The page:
A trio of bills from Attorney General Mark Herring to protect the public and hold criminals accountable were ceremonially signed today by Governor Terry McAuliffe in front of advocates and sponsors. These bills were either drafted by or introduced at the request of Attorney General Herring and his staff. In addition to these bills, the Attorney General’s office was extremely active throughout the legislative process, reviewing thousands of bills and working as requested with legislators in both houses to provide legal advice.
“The fact that these bills were sponsored and passed in a bipartisan fashion speaks to the importance that we all place on combating crime and protecting the public,” said Attorney General Herring. “These and other bills from my legislative package will give law enforcement and prosecutors the tools they need to hold criminals accountable, while offering victims and witnesses a needed measure of security. I appreciate the Governor’s signature on these bills, as well as the hard work of the sponsors, my staff, legislative staff, and the advocates who championed them.”
The bills which were ceremonially signed today are:
SB 640, Witness Confidentiality (Howell)
This bill makes witnesses of drug-related crimes and violent felonies eligible for important protections, including the ability to keep identifying and contact information confidential during court proceedings, the same protections currently offered to witnesses of gang-related crimes. The bill does not limit the right of a defendant or the government to examine witnesses in court of law. The Office of the Attorney General’s Division of Public Safety and Enforcement drafted the bill and brought it to the General Assembly based on feedback from Commonwealth’s Attorneys who have had difficulty getting witness to testify because of fear of reprisal. This bill was supported by a broad coalition of public safety advocates including the Virginia Association of Commonwealth’s Attorneys, Fraternal Order of Police, Chiefs of Police Association, Virginia Sexual and Domestic Violence Action Alliance, Virginia Network for Victims & Witnesses of Crime, and Protect.org.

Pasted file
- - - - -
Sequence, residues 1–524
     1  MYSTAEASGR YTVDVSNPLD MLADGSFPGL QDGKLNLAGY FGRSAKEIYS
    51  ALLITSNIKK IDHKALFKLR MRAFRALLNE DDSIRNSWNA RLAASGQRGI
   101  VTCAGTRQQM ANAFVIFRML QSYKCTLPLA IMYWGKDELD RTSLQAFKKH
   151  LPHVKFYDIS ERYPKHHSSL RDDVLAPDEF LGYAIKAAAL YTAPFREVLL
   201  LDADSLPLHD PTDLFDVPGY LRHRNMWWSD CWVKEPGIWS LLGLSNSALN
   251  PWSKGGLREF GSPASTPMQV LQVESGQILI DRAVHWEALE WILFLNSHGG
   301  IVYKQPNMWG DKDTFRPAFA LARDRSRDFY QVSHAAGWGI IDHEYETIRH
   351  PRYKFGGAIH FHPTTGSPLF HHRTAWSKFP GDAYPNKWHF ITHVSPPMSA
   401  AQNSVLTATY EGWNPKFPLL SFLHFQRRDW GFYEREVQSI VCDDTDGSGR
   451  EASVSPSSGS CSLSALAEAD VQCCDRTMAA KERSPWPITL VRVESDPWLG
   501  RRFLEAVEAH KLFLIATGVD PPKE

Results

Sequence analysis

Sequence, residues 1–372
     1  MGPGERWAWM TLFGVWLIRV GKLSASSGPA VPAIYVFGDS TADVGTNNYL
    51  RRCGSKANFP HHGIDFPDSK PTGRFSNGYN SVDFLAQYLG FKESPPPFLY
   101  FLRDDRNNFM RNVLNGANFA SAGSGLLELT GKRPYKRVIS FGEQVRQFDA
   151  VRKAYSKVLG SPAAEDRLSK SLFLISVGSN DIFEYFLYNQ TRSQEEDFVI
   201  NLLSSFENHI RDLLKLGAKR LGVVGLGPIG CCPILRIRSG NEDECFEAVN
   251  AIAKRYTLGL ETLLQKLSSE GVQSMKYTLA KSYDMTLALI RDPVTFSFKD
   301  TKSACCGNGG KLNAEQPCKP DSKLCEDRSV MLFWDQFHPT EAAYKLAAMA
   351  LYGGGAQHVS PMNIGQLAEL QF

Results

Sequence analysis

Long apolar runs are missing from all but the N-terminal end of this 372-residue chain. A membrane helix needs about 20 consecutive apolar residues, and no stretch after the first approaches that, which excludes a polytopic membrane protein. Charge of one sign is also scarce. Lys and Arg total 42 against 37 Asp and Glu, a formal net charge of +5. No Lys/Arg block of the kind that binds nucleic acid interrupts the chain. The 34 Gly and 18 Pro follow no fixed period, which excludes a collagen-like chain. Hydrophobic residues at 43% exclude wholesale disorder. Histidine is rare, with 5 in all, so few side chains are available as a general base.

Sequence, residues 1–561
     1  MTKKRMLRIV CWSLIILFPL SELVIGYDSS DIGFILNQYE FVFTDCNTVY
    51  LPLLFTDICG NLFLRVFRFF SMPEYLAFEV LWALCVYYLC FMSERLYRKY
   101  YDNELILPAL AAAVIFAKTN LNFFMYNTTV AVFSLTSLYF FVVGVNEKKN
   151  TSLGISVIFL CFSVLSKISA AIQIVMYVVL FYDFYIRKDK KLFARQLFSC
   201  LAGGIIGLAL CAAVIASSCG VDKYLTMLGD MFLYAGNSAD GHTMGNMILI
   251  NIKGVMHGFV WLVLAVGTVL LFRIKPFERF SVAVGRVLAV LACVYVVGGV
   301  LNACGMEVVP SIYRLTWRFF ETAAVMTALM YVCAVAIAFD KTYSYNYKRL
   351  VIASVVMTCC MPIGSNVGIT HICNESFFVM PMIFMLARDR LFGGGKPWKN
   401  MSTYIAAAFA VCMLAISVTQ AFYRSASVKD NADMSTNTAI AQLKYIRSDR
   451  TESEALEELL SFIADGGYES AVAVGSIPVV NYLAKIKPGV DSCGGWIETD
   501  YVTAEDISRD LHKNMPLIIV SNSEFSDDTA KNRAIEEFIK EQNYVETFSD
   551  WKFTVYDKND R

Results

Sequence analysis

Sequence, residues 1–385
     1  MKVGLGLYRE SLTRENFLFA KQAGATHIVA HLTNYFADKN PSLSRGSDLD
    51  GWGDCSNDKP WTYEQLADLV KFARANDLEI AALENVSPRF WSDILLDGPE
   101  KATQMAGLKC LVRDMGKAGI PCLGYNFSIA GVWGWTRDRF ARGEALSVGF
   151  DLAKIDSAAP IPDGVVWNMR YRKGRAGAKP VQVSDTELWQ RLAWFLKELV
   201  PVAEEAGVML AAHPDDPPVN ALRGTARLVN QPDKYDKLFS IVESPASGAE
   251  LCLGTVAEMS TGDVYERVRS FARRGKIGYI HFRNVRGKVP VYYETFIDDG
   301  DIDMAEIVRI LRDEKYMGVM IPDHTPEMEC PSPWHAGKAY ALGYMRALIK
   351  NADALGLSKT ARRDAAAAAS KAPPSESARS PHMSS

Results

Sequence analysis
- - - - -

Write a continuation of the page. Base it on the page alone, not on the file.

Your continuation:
HB 1112/SB 594, Synthetic/Analog Drugs (Garrett/Obenshain)
attorney general Herring carried the original synthetic/analog drug bill as a state senator. This bill was developed with assistance from the Attorney General’s office to give prosecutors and law enforcement officials more tools to keep dangerous synthetic drugs off the streets and away from young people. The bill updates some definitions based on the latest chemistry, makes selling or distributing these substances a class 5 rather than class 6 felony, and establishes a faster process for the Board of Pharmacy to add designer drugs to the controlled substances schedule so that they can respond more quickly to emerging threats.
HB 1248, Self authentication of 911 phone calls (Surovell)
This bill, introduced at the request of Attorney General Herring’s public safety staff, makes it easier to admit 911 calls in criminal proceedings. As long as the recording is authenticated by the custodian of the record, such as an emergency communications center manager, it will be considered admissible in court, similar to the way a toxicology report or autopsy is handled. The current rules require a complex and burdensome process for authenticating and admitting 911 calls. The bill had support from the Fraternal Order of Police, many emergency managers, and the Virginia Association of Commonwealth’s Attorneys.
In addition to these bills, the attorney general won legislative passage of other important public safety and consumer protection measures, including bills to fight patent trolling, to end fox-penning, and to provide more protections for victims of stalking, among others.